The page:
Janice Williams Loves Austin And sometimes I write about it.

June 11, 2016

Priming the Pump

Filed under: Random genealogy — Janice @ 2:55 pm

I’ve got to do SOMETHING to get me to update my so-called blog again, right? I’m going to be a little more free to just throw in little discoveries. These are the things that make my genealogy even more fun. Not necessarily BIG discoveries, just coolness I find in my research.

So today, for some unknown random reason, I started poking around on a tree branch where there is a little mystery. I won’t go into that, because I have made no eye-opening discoveries there, that’s for sure. But I looked at the 1900 census for Mills County, Texas. Lots of my ancestry is in Mills County, just across the county line from Comanche County in Central Texas. I was looking at the entry for an uncle, Aaron Little. Nothing unusual about he and his wife and kids and even two sisters-in-law living in their household.

But I see something I don’t often see in a census. A “visitor” is enumerated within their household. It’s a 43-year-old man named “J.A. French.” 

French_J.A - no relations

Even more interesting, he’s from New York and his parents were both born in New York as well. That’s a LONG way to come in 1900.

NYNY

But then I’m really surprised to see his occupation:

Occ

Seeing “farmer” and “housekeeper” on hundreds of census entries, I have NEVER seen a musician counted in an old census.

So that’s it for this discovery, but you know I’m going to be doing some research on J.A. French and see what kind of touring musician he was. But it makes me happy that even my ancestors and collateral ancestors were gracious to musicians in their day.

Okay – that’s all for this time, but I hope to write more little entries like this. Comments will boost me to do more, you know that, right?

1 Comment »

  1. Your family has been opening arms and welcoming musicians for generations! That makes good sense. But I agree. Few professional musicians in early 1900s who didn’t also have a different job.
    Because I am so easily distracted, I just looked up early 1900 hits — Amazed that I knew so many of them– some great songs that have truly stood the test of time:

    1. I’m a Yankee Doodle Dandy – 1904 (by George M Cohen)
    2. America the Beautiful – 1910
    3. Danny Boy – 1913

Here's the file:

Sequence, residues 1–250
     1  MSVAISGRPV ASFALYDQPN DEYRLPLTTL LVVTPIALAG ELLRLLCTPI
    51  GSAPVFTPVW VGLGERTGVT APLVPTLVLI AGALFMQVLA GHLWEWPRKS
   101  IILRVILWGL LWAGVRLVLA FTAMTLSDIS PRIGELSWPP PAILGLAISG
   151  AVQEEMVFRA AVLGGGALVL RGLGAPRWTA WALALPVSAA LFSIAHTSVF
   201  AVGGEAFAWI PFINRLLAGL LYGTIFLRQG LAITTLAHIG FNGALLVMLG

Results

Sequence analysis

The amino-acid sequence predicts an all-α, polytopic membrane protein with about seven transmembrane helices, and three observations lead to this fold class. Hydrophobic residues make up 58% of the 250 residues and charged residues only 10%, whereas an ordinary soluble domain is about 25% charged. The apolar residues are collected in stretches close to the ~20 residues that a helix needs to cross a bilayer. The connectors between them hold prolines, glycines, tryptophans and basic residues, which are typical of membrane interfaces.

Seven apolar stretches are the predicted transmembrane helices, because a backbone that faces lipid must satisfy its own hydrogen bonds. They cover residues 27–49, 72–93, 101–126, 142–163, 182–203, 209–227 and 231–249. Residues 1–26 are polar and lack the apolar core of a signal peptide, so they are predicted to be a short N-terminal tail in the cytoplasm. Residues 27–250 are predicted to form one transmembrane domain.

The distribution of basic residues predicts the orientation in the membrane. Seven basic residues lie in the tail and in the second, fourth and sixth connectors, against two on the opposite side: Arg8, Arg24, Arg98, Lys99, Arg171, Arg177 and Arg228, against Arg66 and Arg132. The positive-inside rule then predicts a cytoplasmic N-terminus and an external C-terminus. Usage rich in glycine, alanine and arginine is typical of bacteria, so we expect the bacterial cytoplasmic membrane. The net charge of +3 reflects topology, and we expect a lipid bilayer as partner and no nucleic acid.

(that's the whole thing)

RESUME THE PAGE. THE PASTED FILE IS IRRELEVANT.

4. Take Me Out To The Ball Game – 1908 (by Jack Norworth & Albert Von Tilzer )
    5. Pomp and Circumstance – 1902 (by Elgar)
    6. The Grand Old Rag (aka “You’re a Grand Old Flag”) – 1906 (by George M. Cohan)
    7. When Irish Eyes Are Smiling – 1912 (by Chauncey Olcott & George Graff Jr, . Ernest R. Ball)
    8. Daddy’s Little Girl – 1905 (by Edward Madden & Theodore F. Morse)
    9. The Bells Of St Mary’s – 1917 (by Douglas Furber & A. Emmett Adams)
    10. Give My Regards to Broadway – 1904 (by George M. Cohan )
    11. Swanee – 1919
    12. Too-Ra-Loo-Ra-Loo-Ral (That’s An Irish Lullaby) – 1913 (by James R. Shannon )
    13. I Ain’t Got Nobody – 1916 (by Roger Graham, Dave Peyton & Spencer Williams)
    14. I Want To Be In Dixie (I’m Going Back To Dixie) – 1911 (by Irving Berlin & Ted Snyder)
    15. The Entertainer – 1902 (by Scott Joplin)
    16. Strike Up the Band (Here Comes a Sailor) – 1900
    17. Anchors Aweigh – 1906 (by Alfred Hart Miles & R. Lovell and Charles A. Zimmerman)
    18. The Beer That Made Milwaukee Famous – 1903 (by Dan McAvoy)
    19. Colonel Bogey March – 1914 (by Kenneth J. Alford)
    20. Melody Of Love – 1903 (by Tom Glazer & H. Engelmann)
    21. Flight of the Bumble Bee – 1900 – (by N. Rimsky-Korsakov)
    22. Rite of Spring – 1913 (by Stravinsky)
    23. Over There – 1917 (by George M. Cohan)
    24. Yale Boola! (March and Two Step) – 1901
    25. Hinky Dinky Parlay Voo – 1919 (by Edward Rowland) Pop Culture Madness Reviews are Brought To You By You Buying Stuff Through Our Amazon Links! 26. March of the Toys – 1903 (by Victor Herbert, heard in Babes In Toyland)
    27. Frankie and Johnny – 1912
    28. Dardanella – 1919 (by Fred Fisher & Felix Bernard, Johnny S. Black)
    29. You Belong To Me – 1916 (by Harry B. Smith & Victor Herbert)
    30. Alexander’s Ragtime Band – 1911(?)
    31. Hail! Hail! The Gang’s All Here – 1917 (by D. A. Esrom, Theodore F. Morse & Arthur Sullivan)
    32. Fascination – 1915 (by Harold Atteridge & Sigmund Romberg)
    33. McNamara’s Band – 1917 (by John J. Stamford & Shamus O’Connor)
    34. Peg O’ My Heart – 1913 (by Alfred Bryan & Fred Fisher)
    35. Saint Louis Blues – 1914 (by W. C. Handy)
    36. The Glow-Worm – 1902 (by Lilla Cayley Robinson, Heinz Bolten-Backers, Paul Lincke)
    37. Scott Joplin’s New Rag – 1912 (by Scott Joplin)
    38. Hail Hail the Gang’s All Here – 1917
    39. Put On Your Old Grey Bonnet – 1909 (by Stanley Murphy & Percy Wenrich)
    40. Bye, Bye My Honey – Billy Golden (1911)
    41. Joe Turner Blues – 1915 (by Walter Hirsch & W. C. Handy)
    42. It’s a Long, Long Way to Tipperary – 1912
    43. Ragtime Cowboy Joe – 1912 (by Grant Clarke, Lewis F. Muir & Maurice Abrahams)
    44. Oh! How I Hate to Get Up in the Morning – 1918 (by Irving Berlin)
    45. The Whiffenpoof Song – 1909 (by Meade Minnigerode & George S. Pomeroy, Tod B. Galloway)
    46. Alabama Jubilee – 1915 (by Jack Yellen & George L. Cobb)
    47. The Darktown Strutters’ Ball – 1916 (by Shelton Brooks)
    48. Harrigan – 1907 (by George M. Cohan)
    49. Bill Bailey, Won’t You Please Come Home – 1902
    50. Let Me Call You Sweetheart – 1910

    Comment by Diana Hendricks — June 16, 2016 @ 10:12 pm

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